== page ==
Tim McGirk delves into the challenges facing today’s reincarnated Buddhist teachers, known as rinpoche or tulku, “a supposedly enlightened being who continues his teaching from one lifetime to the next”:
Often, when a well-known lama dies—even if he’s not a tulku—he may leave behind real wealth: temples, property spread across various countries, a treasure of donations. The late teacher’s devotees usually have a vested emotional and, at times, material interest in keeping things as they were. And so they search for his reincarnation. Many Tibetan monks and scholars say the system is spinning out of control, growing too commercial. “In Tibet, it was more restricted to a monastic context,” said Thupten Jinpa, the scholar. “But now the control mechanisms are becoming relaxed.” No longer are the proper divinations always done, nor does the candidate have to give proof of memories of a past life.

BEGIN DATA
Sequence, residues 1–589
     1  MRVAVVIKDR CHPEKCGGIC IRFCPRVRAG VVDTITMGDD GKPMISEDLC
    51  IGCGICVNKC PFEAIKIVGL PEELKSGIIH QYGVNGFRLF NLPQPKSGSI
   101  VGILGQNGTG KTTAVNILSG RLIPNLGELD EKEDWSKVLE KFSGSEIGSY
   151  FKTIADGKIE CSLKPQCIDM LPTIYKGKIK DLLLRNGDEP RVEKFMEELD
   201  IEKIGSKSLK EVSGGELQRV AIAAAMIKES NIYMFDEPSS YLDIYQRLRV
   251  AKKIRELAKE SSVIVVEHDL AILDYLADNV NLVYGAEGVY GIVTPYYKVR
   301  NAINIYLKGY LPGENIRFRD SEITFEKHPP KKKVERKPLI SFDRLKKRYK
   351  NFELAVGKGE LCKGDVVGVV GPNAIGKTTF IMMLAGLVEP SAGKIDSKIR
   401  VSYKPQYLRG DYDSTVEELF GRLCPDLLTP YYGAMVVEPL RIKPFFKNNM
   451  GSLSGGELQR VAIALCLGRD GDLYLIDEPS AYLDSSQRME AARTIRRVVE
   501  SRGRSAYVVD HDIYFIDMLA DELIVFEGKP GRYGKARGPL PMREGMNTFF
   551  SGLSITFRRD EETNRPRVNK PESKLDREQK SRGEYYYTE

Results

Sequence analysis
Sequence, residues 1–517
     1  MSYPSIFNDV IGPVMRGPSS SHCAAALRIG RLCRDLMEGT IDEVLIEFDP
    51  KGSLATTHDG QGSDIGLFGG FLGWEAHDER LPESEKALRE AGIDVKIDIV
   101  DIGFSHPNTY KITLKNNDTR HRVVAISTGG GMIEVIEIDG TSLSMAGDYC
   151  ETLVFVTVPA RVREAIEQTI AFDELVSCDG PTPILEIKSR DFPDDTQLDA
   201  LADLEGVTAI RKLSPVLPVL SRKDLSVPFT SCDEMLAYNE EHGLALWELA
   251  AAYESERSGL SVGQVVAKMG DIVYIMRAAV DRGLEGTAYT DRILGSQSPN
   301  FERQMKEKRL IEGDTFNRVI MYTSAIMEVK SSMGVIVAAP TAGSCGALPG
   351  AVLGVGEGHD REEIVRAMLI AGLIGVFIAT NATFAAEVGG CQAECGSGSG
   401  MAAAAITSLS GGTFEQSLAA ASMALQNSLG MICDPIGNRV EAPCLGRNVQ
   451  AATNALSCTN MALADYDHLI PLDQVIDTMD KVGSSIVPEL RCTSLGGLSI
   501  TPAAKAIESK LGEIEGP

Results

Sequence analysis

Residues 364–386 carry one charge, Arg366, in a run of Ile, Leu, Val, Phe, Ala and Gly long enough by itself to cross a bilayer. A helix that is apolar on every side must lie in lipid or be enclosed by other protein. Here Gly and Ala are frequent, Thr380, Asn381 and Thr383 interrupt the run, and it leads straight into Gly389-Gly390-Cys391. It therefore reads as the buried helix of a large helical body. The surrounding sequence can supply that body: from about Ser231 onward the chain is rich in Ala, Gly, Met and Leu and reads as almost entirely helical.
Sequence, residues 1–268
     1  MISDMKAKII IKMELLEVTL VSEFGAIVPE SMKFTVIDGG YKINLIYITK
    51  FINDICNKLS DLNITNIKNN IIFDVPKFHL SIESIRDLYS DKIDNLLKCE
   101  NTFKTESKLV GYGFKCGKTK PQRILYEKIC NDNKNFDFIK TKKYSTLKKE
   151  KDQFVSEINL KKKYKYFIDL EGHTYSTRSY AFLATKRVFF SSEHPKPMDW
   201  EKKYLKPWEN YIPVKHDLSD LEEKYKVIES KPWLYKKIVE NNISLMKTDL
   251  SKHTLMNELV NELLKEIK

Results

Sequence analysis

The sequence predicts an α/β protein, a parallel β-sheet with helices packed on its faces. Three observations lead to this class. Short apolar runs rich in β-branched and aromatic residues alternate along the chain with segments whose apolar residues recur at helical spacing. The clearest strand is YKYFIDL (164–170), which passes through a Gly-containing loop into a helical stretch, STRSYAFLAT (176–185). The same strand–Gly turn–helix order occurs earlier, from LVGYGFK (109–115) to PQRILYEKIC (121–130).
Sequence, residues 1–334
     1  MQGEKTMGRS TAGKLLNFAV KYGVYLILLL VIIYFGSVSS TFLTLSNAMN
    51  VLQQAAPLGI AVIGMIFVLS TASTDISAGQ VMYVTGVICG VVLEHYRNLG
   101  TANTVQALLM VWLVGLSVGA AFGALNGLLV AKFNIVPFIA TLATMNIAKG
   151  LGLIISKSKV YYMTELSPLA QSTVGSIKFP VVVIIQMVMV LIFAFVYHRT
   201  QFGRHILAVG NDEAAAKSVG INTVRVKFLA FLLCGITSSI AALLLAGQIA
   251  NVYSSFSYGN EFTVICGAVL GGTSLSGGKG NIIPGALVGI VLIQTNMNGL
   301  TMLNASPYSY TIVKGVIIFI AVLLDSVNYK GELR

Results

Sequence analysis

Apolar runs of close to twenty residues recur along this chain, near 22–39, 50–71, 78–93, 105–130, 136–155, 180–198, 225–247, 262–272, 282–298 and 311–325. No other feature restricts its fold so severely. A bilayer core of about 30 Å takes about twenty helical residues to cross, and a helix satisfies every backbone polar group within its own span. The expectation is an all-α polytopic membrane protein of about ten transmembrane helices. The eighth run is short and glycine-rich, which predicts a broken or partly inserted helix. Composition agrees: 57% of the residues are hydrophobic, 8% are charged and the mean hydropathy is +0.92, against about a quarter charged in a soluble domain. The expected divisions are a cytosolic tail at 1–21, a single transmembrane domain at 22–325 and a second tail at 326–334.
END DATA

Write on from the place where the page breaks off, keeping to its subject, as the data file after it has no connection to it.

A notable example:
[I]n 1997, Hollywood’s scowling action star and martial-arts expert Steven Seagal was declared by a well-known lama to be the reincarnation of a seventeenth-century terton.
A terton is a kind of spiritual treasure-seeker, able to find the hidden objects left behind by Padmasambhava, an eighth-century mystic and sorcerer who brought Buddhism to Tibet and who supposedly hid religious objects and texts that were to be revealed, throughout the centuries, at the right moment. Following the uproar over this announcement, Penor Rinpoche, who had anointed Seagal as a terton, had to fend off accusations that he had taken donations from the Hollywood heavy. Seagal, resplendent in a silk jacket embossed with dragons and accompanied by two surly bodyguards, was seen pacing outside the Dalai Lama’s prayer-flag-draped residence in Dharamsala, waiting for official recognition of his new mystical status from the boss. But it never came.